Posts Tagged ‘Catalonia’
Empordà 2015, Sauló, Espelt Viticultors ($15.15, 10856241)
A 50-50 blend of Liedoner Negre (aka Grenache) and Carinyena (aka Carignan) from organically farmed vines rooted in weathered granite soil in the southern foothills of the Albera Massif, just south of the French border and just inland from the Mediterranean. The grapes from each parcel are vinified separately and given 36 hours’ cold maceration before fermentation in stainless steel temperature-controlled tanks. Lightly filtered before bottling. Reducing sugar: 2.6 g/l. 14.5% ABV. Quebec agent: Le Marchand de Vin, one of whose reps attended the tasting and comped this bottle (merci, Simon!).
Raspberry (a bit candied), peppery spice and a hint of plum. Full-bodied and fruit-driven. The fruit is very ripe and sweet seeming (one taster notes “raspberry jam on the finish”) but the wine is fundamentally dry. A healthy shot of acidity and raspy tannins provide just enough structure, a dark undercurrent adds a little intrigue. Slate and earth linger on the drying finish. A crowd-pleaser whose candour and sunny disposition go a long way toward making up for any lack of nuance or depth. Fans of fruit-forward wines in the mood for something different should put this QPR winner on their shopping list. The label is a delight. (Buy again? Sure, especially to take to a party or barbecue where a highfalutin wine wouldn’t be appropriate.)
MWG January 12, 2017, tasting: flight 5 of 7
Empordà 2013, Crianza, Puntiapart, La Vinyeta ($25.50, 12933238)
Cabernet Sauvignon (85%) and Carignan (15%) from organically farmed vines more than 30- and 100 years old respectively. Manually harvested. Matured 12 months in new French, Hungarian and Romanian oak barrels. Reducing sugar: 3.0 g/l. Total sulphur dioxide: 60 mg/l. 14.5% ABV. Quebec agent: Passion Gourmet.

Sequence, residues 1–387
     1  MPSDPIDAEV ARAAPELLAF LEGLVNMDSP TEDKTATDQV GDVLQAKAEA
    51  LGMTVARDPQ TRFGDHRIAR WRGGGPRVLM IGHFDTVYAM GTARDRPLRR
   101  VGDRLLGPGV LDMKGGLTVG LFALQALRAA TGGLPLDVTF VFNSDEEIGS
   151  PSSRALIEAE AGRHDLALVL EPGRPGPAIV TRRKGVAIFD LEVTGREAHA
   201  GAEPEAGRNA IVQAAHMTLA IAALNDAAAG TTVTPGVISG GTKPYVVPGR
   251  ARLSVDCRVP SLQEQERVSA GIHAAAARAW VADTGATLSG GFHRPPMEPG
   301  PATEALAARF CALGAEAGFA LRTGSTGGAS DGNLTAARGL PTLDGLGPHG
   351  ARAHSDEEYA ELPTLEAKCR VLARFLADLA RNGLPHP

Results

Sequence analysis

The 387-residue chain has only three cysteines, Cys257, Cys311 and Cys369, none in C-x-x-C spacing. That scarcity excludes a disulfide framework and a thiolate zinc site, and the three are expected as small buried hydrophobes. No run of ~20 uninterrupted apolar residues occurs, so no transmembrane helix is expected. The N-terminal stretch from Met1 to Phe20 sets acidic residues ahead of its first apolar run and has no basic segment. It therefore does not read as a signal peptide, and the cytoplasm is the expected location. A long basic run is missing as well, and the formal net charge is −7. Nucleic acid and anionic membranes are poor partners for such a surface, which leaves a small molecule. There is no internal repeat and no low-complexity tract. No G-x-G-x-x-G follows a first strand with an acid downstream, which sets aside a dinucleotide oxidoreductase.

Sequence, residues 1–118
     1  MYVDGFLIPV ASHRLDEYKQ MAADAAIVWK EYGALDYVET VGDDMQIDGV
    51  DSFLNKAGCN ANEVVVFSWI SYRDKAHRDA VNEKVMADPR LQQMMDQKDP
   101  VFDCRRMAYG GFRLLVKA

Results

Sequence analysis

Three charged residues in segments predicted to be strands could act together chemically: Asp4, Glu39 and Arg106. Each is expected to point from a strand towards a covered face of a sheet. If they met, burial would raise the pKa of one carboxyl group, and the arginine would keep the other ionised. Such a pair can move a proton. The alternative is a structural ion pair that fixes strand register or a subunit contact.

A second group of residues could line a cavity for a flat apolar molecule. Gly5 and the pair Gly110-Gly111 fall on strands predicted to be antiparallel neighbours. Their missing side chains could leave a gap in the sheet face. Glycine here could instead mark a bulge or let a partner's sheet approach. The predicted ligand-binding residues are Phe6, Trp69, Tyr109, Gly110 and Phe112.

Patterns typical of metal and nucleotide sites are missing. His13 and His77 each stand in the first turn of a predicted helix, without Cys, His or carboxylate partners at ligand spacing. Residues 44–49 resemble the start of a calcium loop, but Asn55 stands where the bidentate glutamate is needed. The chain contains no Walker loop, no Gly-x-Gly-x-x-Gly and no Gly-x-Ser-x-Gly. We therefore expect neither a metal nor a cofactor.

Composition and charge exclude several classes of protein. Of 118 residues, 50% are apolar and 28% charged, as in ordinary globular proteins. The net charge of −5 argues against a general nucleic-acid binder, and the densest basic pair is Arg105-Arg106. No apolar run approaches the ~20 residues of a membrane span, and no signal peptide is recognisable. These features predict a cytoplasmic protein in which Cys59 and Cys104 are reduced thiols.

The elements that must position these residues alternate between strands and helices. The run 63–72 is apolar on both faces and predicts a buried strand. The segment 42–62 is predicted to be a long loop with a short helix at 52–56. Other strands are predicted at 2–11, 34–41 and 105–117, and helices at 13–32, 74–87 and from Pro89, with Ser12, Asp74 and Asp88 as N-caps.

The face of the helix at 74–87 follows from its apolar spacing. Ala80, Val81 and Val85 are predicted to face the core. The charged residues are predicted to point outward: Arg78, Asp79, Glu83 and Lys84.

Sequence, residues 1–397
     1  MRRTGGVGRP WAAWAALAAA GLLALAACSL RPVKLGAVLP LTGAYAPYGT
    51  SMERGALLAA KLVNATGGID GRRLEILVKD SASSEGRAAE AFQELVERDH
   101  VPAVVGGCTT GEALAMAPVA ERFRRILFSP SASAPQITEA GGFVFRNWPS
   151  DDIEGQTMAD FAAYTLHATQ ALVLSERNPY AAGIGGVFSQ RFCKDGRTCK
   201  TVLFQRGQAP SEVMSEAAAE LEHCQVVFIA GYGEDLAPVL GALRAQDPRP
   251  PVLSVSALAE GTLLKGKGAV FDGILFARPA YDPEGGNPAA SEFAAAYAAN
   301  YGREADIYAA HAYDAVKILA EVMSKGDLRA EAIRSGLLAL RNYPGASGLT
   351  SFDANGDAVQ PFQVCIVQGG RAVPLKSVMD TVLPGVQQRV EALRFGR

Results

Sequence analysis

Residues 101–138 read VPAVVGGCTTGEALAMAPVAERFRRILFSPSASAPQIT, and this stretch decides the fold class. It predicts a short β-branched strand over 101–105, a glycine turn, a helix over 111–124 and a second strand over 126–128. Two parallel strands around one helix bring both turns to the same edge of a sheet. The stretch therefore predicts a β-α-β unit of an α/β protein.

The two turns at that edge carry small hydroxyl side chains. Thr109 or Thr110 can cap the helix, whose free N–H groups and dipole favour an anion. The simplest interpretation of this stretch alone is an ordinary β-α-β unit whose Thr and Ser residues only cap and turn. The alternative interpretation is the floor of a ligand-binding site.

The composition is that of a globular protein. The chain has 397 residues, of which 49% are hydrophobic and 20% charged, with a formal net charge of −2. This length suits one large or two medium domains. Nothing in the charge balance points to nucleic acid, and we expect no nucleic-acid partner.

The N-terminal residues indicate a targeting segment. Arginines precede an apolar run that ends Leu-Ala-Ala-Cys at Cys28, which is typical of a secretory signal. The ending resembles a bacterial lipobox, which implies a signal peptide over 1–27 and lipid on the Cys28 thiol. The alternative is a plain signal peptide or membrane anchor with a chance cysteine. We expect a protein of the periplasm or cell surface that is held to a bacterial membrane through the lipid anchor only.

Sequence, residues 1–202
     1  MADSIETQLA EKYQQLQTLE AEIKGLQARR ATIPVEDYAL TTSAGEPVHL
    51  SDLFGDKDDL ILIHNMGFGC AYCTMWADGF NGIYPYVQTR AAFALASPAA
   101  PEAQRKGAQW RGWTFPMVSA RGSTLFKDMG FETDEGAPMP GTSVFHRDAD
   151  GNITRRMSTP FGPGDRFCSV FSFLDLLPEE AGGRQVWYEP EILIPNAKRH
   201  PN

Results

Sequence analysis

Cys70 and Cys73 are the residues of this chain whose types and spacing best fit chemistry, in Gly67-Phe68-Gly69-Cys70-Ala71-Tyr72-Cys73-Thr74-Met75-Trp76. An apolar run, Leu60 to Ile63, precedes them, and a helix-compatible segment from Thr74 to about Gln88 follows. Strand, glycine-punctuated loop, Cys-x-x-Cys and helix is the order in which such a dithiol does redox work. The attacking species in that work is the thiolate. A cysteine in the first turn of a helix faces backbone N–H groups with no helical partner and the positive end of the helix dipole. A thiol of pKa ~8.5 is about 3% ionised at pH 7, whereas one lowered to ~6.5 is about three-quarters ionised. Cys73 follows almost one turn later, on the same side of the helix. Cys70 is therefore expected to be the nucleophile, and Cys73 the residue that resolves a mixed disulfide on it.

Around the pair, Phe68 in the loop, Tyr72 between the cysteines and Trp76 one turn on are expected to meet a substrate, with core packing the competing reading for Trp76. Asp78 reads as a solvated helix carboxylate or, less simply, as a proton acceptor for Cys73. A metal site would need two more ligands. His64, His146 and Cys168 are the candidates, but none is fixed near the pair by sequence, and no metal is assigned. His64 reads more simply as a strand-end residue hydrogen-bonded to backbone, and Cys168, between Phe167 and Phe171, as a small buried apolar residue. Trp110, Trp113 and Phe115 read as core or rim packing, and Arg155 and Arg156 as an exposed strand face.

My bottle reeked of volatile acidity; carafing the wine for a couple of hours mostly took care of it. Get beyond the nail polish remover and you catch whiffs of plum, cherry, red meat, slate and dark chocolate. In the mouth, it’s full-bodied if not quite a heavyweight. The fruit is chocolate-coated – cloyingly so were it not for the sustained acidity and pronounced earthy/minerally/savoury current. The tannins are still quite firm and chewy. A peppery note puts me in mind of Grenache. The alcohol lends more power than heat, though a touch of eau-de-vie overtones the finish. Fine with a grilled rib eye. Not really my type of wine, and yet it grows on me. Will probably improve – uncoil a little and digest some of its oak – in a few years (Buy again? Maybe.)
The oak straddles the line between noticeable and overbearing. And more’s the pity because you can tell that, underneath it all, there’s some fine juice. The wine does benefit from several hours’ aeration. And if you’re not oak-adverse, you may find this enjoyable. Am sure it would be a hit at most BBQs. Really might be worth buying a bottle to open in three or four years to see what’s become of it.
Spin the upright bottle as if it were on a turntable and watch the label’s wrap-around illustration, which changes with each vintage, become an animation, like a two-dimensional flip book.
Quincy 2013, Siam, Domaine de la Commanderie ($18.95, 12748219)
100% Sauvignon Blanc from vines at least 15 years old. Mechanically harvested. The must is cold-settled for 8 to 10 hours. Fermented in temperature-controlled (18-20°C) tanks with regular stirring. Matured 10 months on the less. Sees only stainless steel until bottling. 12.5% ABV. Quebec agent: Balthazard.
An echt Sauvignon Blanc nose of gosseberry, flint and kiwi segues into dessicated coconut and unripe pineapple or, as one taster put it, “umbrella drink zone.” In the piehole, it’s medium weight and citrusy with crisp-bordering-on-mordant acidity that’s softened by the rich, extracted texture (the must reportedly spends some time on the skins). The honey note adds interest but the kind of dazzling minerality found in some Loire Sauvignon Blancs is absent here. A decent but unexciting wine that doesn’t quite live up to the hype (three Hachette stars, for example), though it may well show better with food. (Buy again? Meh.)